Cakewalk Sonar 3|
The New Bus Architecture
Sonar 3.0 uses a new extremely flexible bus architecture. Each input bus can be routed to an bus or output channel, as well as supporting auxiliary outputs to other buses or output channels. Each bus itself can be similarly routed to other buses or output channels - allowing flexible creation of submixes, effects groups and other creative routing configurations. New buses can be created, pre- or post-fader, on the fly.
For each input or bus channel, the following features are supported:
Input echo toggle - available from the console or inspector - allowing monitoring live audio or MIDI on any number of tracks, or layering synths by echoing on multiple tracks.
An FX bin for inserts. Each track can have its own effects configuration. By routing to buses, effects can be shared between tracks in submixes. The entire FX bin for a track may be bypassed in a single operation for quick wet/dry comparisons. In the producer edition, up to four effect parameters may be individually assigned to the track strip for quick and convenient access without launching the plug-ins interface. Effects may be inserted on the fly.
Integrated 6-band parametric EQ (producer edition only) (part of the sonitus:fx bundle) with 5 filter types that can be individually selected, edited and automated for each band. These EQ had quite a reputation before their acquisition, and their integration into the bus architecture itself makes a compelling reason for the upgrade. A mini-plot displays the curve of these EQ's directly on the track strip.
For DirectX plug-ins, Cakewalk have implemented automatic plug-in delay compensation. Unfortunately, at the time of writing this did not extend to VST plug-ins - but this should be available as an update from their website when available.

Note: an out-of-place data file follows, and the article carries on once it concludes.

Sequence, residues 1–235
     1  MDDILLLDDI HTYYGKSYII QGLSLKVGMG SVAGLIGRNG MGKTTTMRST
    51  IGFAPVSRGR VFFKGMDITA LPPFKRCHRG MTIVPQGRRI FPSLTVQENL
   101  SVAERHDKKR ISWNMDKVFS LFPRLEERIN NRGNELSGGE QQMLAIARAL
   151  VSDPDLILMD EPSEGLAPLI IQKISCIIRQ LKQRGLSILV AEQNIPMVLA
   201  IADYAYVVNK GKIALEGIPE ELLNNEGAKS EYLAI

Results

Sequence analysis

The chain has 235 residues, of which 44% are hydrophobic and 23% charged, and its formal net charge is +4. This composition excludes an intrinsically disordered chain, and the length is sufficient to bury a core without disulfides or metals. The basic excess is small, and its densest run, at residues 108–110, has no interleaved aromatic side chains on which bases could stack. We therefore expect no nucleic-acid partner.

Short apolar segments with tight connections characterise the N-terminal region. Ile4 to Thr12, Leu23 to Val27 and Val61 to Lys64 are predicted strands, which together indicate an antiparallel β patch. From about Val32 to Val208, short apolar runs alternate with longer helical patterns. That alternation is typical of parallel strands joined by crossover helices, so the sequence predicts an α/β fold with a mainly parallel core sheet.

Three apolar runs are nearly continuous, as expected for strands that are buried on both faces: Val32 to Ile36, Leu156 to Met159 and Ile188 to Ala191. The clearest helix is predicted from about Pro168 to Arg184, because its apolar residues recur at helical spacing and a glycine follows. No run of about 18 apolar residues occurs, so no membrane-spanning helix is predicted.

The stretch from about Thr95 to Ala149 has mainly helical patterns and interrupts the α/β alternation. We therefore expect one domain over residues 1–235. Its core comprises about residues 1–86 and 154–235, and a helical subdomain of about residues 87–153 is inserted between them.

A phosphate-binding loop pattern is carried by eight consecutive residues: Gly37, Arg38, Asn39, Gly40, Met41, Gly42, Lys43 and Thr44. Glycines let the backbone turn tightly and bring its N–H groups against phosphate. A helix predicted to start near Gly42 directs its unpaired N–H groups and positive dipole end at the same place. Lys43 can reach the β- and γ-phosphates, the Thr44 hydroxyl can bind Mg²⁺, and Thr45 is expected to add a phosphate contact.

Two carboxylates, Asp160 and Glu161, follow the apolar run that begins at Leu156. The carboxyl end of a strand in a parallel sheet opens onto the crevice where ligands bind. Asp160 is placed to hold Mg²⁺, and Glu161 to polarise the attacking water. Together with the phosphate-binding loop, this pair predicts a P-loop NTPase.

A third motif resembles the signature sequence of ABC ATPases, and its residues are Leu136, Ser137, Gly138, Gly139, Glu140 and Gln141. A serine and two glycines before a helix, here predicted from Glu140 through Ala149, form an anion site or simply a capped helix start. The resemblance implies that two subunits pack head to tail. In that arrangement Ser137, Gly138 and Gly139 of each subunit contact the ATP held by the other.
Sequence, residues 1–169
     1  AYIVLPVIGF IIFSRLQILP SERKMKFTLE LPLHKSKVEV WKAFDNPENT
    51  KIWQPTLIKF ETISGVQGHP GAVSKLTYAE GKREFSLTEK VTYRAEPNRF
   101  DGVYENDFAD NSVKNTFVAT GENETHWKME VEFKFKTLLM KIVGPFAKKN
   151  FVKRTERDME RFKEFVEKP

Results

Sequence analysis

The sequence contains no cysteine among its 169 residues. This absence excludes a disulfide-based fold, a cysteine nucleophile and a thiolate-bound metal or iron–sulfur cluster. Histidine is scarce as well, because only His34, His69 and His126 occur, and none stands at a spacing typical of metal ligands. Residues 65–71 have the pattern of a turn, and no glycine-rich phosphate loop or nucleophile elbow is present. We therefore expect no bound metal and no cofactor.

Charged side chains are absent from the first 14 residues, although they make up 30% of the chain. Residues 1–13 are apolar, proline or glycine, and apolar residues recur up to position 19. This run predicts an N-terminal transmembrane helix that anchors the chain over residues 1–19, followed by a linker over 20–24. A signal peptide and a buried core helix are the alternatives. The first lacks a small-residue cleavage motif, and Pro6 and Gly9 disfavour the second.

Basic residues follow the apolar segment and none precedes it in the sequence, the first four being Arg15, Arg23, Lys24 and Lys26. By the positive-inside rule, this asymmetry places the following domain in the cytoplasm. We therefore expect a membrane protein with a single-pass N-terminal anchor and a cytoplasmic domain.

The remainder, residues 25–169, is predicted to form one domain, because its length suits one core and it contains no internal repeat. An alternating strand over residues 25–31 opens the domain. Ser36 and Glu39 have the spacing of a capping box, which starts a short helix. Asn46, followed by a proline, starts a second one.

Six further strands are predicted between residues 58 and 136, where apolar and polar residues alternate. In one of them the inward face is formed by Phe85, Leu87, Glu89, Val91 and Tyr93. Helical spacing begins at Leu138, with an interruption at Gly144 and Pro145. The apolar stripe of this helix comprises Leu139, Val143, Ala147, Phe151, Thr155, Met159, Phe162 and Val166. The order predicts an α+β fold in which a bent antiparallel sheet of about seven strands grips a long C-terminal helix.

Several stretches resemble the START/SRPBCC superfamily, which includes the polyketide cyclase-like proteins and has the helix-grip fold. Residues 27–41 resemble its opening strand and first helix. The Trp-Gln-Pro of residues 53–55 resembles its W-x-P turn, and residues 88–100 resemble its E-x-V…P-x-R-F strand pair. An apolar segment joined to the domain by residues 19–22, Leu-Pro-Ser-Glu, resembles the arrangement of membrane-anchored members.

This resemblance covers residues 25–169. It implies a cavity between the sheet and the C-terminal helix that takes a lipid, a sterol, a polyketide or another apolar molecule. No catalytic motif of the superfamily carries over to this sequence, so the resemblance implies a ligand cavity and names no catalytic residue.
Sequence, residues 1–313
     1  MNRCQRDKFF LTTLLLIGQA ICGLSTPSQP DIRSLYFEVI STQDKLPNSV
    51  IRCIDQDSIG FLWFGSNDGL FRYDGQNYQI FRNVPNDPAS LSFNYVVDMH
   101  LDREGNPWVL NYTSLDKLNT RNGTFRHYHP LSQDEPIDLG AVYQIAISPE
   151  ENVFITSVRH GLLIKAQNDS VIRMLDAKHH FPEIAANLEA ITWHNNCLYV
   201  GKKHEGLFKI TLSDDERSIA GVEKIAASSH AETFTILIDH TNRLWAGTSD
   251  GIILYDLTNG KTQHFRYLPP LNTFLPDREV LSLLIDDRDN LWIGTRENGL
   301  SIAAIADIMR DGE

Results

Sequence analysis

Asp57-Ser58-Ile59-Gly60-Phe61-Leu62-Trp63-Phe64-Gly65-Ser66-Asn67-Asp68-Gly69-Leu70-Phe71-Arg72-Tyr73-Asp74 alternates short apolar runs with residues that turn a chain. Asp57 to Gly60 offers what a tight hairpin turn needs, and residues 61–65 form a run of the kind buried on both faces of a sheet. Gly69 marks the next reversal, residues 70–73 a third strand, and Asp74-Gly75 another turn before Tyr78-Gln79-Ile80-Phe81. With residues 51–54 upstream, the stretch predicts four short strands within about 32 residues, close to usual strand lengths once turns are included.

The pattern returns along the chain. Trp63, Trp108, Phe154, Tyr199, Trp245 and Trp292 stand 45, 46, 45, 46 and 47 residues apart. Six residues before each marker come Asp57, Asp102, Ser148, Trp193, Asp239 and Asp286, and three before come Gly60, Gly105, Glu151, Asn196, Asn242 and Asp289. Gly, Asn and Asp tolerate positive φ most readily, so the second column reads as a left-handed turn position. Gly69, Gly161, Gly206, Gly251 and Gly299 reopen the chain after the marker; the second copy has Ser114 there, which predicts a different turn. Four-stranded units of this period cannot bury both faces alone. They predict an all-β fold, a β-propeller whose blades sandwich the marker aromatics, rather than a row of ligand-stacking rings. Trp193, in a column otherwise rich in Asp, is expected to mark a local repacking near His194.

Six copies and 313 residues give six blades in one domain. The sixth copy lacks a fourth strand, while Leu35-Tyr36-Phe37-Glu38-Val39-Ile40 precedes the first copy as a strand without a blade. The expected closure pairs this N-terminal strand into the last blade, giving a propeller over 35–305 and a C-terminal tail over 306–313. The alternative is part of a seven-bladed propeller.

As a final note, Cakewalk have implemented automatic feedback loop prevention - Sonar simply will not allow creating of bus routings that will create feedback loops.
As a global setting, Sonar 3.0 now supports specifying different sample rates for projects as supported by your sound card. Supported rates are: 11025 Hz, 22050 Hz, 44100 Hz, 48000 Hz, 88200, 96000, 176400 and 192000 Hz. Most sound cards will only support one sample rate at a time, and Sonar 3.0 will enforce this limitation. However, the sample rate of imported audio is automatically corrected to fit the project sample rate.
In summary, the changes under the cover are as far reaching as the more immediately noticeable interface changes. One feature that is lacking is the "freeze" facility available in other sequences - the same effect may, however, be achieved by using "Bounce to Tracks" to bounce one or more audio tracks to a single stereo or one or two mono tracks, preserving the volume, pan and effects for each constituent track. Once bounced, the original tracks may be archived - they remain in the project but are not included in playback - and may be unarchived to adjust the originals at a later a date.
Particularly welcome, to existing Sonar 2.0 users and especially users switching from other sequencers wishing to retain their plug-in collection, will be the inclusion of a VST-wrapper (coded for Cakewalk by FXpansion) in the box.
During installation, Sonar will attempt to locate and "import" VST plug-ins and effects so they may be used through its VST wrapper. Note that in some cases not all VST plug-ins will install successfully - several on my system indicated that they required VST as a host in order to run, but the majority made the transition fine.
If new VST effects are installed, the configuration program must be rerun to incorporate them into the set-up.
The VST wrapper worked well for all those effects installed, but unfortunately, on my system some of the VST plug-ins failed to work within either Sonar or VSampler, displaying messages such as this plug-in will not work with this host" or "this plug-in requires Cubase SX". This usually occurred with plug-ins distributed with Cubase, so it may be a deliberate limitation of the plug-ins, but it is important to be aware that not every VST plug-in will integrate smoothly.